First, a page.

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Should You Believe the Labels on Herbal Supplements? NY Atty General Says ‘No’

Last week, 14 state attorney generals asked the U.S. Congress to investigate the herbal supplements industry after a probe by New York’s Attorney General Eric T. Schneiderman turned up ingredients that were not listed on labels and raised safety concerns.

In February, Schneiderman’s office had sent cease-and-desist letters to four major retailers—GNC, Target, Walmart and Walgreens— which each sell their own brands of herbal supplements. The letters ordered them to pull the products from the shelves, after an investigation by his office found that at least 79 percent of the products tested from those stores contained none of the plants listed on the products’ labels.

Last week, his office reached an agreement with GNC, for the manufacturer to use stricter testing standards on its products.

Josh Bloom, Director of Chemical and Pharmaceutical Science at the American Council on Science and Health, says in the news release, “although this agreement is certainly an improvement from the standards that have been in place, and Attorney General Schneiderman should be applauded for his work in this area, this is only the first step. Congress has stripped the FDA of the ability to approve or reject these products, which are essentially unregulated drugs.”

In a radio interview on The Brian Lehrer Show, Schneiderman said that over-the-counter and prescriptions drugs are far more regulated than herbal supplements, and the lack of regulation of supplements has led to a proliferation of bad products.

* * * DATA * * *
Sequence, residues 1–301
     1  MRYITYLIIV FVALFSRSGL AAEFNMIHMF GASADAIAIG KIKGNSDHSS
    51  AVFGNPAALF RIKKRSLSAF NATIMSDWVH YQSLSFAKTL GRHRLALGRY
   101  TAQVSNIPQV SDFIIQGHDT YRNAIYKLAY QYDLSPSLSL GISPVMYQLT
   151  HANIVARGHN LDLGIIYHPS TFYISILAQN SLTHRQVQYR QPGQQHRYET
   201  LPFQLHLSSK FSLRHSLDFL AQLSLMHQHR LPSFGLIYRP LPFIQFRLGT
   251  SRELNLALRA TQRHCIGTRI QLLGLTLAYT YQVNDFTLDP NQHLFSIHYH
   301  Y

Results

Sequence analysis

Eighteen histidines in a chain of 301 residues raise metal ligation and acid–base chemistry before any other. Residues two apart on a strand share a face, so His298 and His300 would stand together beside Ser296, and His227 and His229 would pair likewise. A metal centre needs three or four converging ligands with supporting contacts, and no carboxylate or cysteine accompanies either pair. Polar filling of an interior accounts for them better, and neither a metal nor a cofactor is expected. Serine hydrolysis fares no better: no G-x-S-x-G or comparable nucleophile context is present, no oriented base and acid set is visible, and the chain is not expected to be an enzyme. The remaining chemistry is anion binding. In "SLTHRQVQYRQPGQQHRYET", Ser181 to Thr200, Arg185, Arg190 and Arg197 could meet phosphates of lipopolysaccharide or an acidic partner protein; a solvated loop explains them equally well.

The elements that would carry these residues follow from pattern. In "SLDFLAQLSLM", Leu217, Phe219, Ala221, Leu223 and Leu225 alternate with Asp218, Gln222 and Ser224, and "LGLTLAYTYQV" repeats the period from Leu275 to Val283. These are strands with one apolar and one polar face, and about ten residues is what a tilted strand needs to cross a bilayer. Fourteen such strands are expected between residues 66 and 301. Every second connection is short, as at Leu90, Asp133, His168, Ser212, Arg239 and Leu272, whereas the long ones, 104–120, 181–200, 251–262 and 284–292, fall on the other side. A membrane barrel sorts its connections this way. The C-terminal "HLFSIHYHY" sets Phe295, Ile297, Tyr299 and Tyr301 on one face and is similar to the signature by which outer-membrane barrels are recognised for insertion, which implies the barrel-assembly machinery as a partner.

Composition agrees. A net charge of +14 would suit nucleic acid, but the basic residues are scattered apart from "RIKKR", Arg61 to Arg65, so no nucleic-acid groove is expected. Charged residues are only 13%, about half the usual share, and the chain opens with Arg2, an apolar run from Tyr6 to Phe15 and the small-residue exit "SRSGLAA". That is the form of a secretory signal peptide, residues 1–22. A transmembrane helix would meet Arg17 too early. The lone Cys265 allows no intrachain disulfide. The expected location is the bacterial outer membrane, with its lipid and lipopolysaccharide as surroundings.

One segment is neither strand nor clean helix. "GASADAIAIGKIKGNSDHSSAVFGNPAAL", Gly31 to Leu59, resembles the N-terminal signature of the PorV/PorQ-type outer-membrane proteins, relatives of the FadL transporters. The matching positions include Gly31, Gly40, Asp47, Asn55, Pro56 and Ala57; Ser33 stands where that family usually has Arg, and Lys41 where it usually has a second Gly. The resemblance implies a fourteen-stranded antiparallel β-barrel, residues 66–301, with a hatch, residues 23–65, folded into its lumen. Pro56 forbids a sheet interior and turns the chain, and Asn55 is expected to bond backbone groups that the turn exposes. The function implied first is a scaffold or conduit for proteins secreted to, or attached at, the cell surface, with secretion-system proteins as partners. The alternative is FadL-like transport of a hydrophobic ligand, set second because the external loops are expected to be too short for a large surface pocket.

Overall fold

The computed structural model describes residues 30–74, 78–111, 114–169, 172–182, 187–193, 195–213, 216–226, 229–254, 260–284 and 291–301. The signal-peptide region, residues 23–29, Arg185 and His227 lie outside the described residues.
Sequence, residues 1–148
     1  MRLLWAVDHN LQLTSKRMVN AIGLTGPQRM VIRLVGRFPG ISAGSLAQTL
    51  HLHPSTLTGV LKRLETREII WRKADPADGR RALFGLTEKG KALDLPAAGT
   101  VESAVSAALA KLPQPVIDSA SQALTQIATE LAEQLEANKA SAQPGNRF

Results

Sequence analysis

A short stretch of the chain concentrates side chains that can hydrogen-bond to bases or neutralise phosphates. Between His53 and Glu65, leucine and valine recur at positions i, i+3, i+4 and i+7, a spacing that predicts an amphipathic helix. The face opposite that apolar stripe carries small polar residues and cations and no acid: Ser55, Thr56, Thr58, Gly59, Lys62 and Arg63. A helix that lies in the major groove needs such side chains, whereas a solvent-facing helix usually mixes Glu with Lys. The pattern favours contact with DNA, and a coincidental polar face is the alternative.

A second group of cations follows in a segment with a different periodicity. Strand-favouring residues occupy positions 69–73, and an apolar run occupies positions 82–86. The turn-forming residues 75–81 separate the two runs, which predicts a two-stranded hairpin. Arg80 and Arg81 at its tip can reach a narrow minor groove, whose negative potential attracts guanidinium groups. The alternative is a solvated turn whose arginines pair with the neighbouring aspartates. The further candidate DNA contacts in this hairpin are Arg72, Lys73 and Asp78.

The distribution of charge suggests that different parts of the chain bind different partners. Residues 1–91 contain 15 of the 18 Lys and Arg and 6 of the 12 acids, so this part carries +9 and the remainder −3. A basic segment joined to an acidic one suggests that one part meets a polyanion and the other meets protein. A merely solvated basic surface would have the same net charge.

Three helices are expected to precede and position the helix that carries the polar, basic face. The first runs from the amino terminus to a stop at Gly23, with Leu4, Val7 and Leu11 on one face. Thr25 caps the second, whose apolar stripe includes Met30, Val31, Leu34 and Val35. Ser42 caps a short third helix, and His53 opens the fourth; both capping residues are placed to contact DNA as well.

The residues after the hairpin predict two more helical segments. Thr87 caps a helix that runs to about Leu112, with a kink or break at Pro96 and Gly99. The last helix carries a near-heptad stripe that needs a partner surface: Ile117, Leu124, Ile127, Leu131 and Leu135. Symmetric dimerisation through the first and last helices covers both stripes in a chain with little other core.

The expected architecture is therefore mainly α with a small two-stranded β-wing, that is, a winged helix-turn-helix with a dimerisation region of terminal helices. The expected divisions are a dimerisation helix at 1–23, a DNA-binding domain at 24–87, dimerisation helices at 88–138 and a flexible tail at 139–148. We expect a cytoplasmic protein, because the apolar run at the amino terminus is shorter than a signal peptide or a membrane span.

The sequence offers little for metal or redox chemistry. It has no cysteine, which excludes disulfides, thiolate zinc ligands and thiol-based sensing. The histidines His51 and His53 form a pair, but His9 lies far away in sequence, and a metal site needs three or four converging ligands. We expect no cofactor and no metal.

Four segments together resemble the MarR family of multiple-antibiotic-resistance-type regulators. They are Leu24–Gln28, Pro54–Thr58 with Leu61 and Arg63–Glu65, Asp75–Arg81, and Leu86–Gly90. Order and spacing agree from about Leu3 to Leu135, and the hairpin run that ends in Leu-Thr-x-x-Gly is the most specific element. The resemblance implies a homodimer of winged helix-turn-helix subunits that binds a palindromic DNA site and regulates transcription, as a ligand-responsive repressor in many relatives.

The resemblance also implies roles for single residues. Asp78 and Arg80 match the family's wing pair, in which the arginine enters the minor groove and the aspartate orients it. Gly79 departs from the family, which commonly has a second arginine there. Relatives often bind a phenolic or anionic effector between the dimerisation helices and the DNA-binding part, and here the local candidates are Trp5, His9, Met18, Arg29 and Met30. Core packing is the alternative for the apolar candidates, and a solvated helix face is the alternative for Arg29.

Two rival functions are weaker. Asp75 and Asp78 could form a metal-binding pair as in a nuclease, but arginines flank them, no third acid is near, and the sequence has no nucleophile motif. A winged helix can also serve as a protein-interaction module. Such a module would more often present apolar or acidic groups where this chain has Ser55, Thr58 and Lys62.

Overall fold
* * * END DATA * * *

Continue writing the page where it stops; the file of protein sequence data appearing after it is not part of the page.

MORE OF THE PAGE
New York’s chief law officer is not the only one looking into the misleading claims that some of these manufacturers make.

The Food and Drug Administration (FDA) also conducted its own probe finding weight-loss herbal supplements containing sibutramine—a key ingredient in a prescription drug that was removed from U.S. markets five years ago because it is known to contribute to heart problems and strokes.

It also found some sexual performance and weight loss herbal supplements with a key ingredient from the prescription drug Viagra, which the agency says shouldn’t be dispensed without medical supervision.

Last week’s joint letter was addressed to Kansas Senator Jerry Moran, chair of the subcommittee of consumer protection and product safety, and Pennsylvania Representative Joe Pitts, chair of the subcommittee on health. It cites the New York probe and other research showing high levels of lead, mercury and arsenic in certain supplements.

However, associations representing supplement manufacturers argue that more regulation isn’t needed.

Steve Mister, president of the Council for Responsible Nutrition, a supplements industry group, responded to the New York attorney general’s investigation by saying it was discredited. “It is unfortunate that the New York State Attorney General has spearheaded a request for Congress to spend taxpayers’ money to ‘launch a comprehensive congressional inquiry into the herbal supplements industry’ when the industry is already amply regulated on a federal level by FDA and FTC,” reported Capital New York.

S.C. Rhyne is a blogger and novelist in New York City. Follow the author on Twitter @ReporterandGirl, and visit her website at

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